Physical stores will be the most affected in this discount campaign due to restrictions and economic uncertainty in the face of the third wave.
The january sales They have always been one of the most desired moments by merchants. The avalanche of consumers at the doors of the shops on January 7 was proof of this. But after the liberalization of discounts, the Covid and its secondary effects draw a campaign that the sector describes as “catastrophic” And that won’t help lift sales.
Why? “Because we have had discounts all season and we have already seen sales fall,” complains Eduardo Zamácola, president of the textile employers’ association (Acotex). He says it in reference to others previous campaigns such as Black Friday, which had a worse than expected impact.
For this reason, the forecasts for the January sales campaign are not at all rosy and the employers estimate that sales will fall between 35% and 40% compared to the previous year. A severe blow to the textile trade at a time when one in four establishments has already closed their businesses due to Covid.
Behind these estimates we find the negative effect of the Christmas holidays and the third wave of infections. In addition, the instability and uncertainty of the economy and the mobility and capacity restrictions do not stimulate consumption for this campaign either.
These bad forecasts already have a first consequence: drop in hiring. The January sales campaign will bring the signing of more than 167,000 contracts throughout the country, but will entail a year-on-year drop of between 5% and 10% compared to last year, depending on the sector, according to Adecco.
‘Online’ versus physical
Despite these data, the ecommerce -the great beneficiary of the pandemic- seems to be the great hope. According to the ‘Winter Sales’ report carried out every year by iAhorro, “the drop of 4.06% in sales in physical stores (17.72%) is something clearly derived from the current limitations of the pandemic, but it is largely compensates for the rise in sales online (+ 3.11%, up to 17.04%) ”, points out Antonio Gallardo, financial expert at iAhorro.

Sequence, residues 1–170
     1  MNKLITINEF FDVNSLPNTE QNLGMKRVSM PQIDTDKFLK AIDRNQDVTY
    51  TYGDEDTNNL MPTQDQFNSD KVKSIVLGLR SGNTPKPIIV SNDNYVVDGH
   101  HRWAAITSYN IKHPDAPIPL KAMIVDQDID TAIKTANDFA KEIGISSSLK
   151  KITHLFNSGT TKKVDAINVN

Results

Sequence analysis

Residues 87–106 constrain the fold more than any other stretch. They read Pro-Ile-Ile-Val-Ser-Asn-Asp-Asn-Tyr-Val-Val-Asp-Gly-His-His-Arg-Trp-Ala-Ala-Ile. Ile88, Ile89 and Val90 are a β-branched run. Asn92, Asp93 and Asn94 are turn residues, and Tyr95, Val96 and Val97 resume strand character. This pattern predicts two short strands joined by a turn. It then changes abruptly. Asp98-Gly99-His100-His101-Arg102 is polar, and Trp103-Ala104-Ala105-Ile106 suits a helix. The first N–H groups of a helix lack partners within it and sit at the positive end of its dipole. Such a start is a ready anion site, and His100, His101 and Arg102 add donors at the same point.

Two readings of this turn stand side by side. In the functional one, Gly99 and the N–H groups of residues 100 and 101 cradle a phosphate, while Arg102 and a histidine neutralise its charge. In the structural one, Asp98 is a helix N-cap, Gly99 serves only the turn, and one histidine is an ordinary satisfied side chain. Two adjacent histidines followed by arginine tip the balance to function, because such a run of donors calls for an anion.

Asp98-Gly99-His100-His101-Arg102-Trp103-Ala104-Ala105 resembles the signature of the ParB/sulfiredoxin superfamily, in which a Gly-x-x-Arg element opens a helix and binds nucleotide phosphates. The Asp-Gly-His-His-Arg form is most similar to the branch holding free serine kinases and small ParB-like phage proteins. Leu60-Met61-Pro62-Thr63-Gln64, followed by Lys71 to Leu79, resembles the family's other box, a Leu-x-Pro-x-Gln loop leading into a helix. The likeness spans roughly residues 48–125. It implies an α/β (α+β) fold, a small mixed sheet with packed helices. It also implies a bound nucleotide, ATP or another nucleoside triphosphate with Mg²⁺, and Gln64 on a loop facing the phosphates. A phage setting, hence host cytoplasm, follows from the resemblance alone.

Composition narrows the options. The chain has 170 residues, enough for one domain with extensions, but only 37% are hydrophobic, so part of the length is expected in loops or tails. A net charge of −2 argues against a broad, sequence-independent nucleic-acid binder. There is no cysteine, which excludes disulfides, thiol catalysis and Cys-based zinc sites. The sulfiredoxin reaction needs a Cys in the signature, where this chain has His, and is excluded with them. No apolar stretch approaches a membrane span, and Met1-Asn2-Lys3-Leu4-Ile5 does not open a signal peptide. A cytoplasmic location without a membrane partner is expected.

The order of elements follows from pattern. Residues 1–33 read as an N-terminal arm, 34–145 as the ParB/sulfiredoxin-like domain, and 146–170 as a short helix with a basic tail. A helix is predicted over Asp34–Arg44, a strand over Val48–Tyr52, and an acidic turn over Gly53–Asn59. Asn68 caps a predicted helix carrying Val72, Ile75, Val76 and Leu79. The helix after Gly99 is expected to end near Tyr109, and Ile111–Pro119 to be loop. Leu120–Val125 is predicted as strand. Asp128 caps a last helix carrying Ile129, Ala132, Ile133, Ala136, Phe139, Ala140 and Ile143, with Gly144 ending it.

In fact, the ecommerce, mass consumption, food, distribution, logistics, and transport will be the most benefited sectors and those that will continue to generate employment at this time.
thank you for sale online, in these dates will increase the need for staff for distribution and preparation of shipments online. For this reason, the most sought-after profiles will be: packers, waiters, order preparers and forklift operators, according to Adecco.
On the other side of the scale is small business. The Union of Associations of Self-Employed Workers and Entrepreneurs (Uatae) highlights the need to support local trade in the face of the digital empire of large surfaces.
From the organization, they recall that “the latest data provided by Social Security reflect that in annual terms the sector with the greatest losses was that of commerce with 11,019 fewer self-employed and highlight the need to face this month of offers and great discounts from a prism that prioritizes the acquisition of products in small businesses”.
Another major problem for trade is the economic crisis. The uncertainty about the situation – which does not seem to improve even with the arrival of the vaccine – makes many consumers opt more for saving than for consumption.
Thus, the average budget for this sales campaign is expected to drop. Specifically, it goes from the previous 96.34 euros to 93.13 euros, being 3.33% lower. A more pronounced drop if we compare it with the 2019 budget of 99.34 euros, according to the iAhorro study.
The January sales campaign is nothing more than the continuation of a dramatic situation in the trade. In November, retail sales fell by 4.3% year-on-year, a record 1.3 points lower than the previous month. Since the first state of alarm was decreed have not stopped falling due to restrictions, capacity and drop in tourism.
Not even the start of vaccination brings any optimism to the sector. “The rate of vaccination is very slow and it is impossible to visualize anything at this rate,” says Zamácola, who criticizes that the support plan for hotels, tourism and commerce of the Government “does not include direct aid”.
With this scenario it is very difficult to put a date on the calendar for recovery. From Acotex, they see a “very crude” first quarter and predict “a cascade of business closures” if the situation remains the same.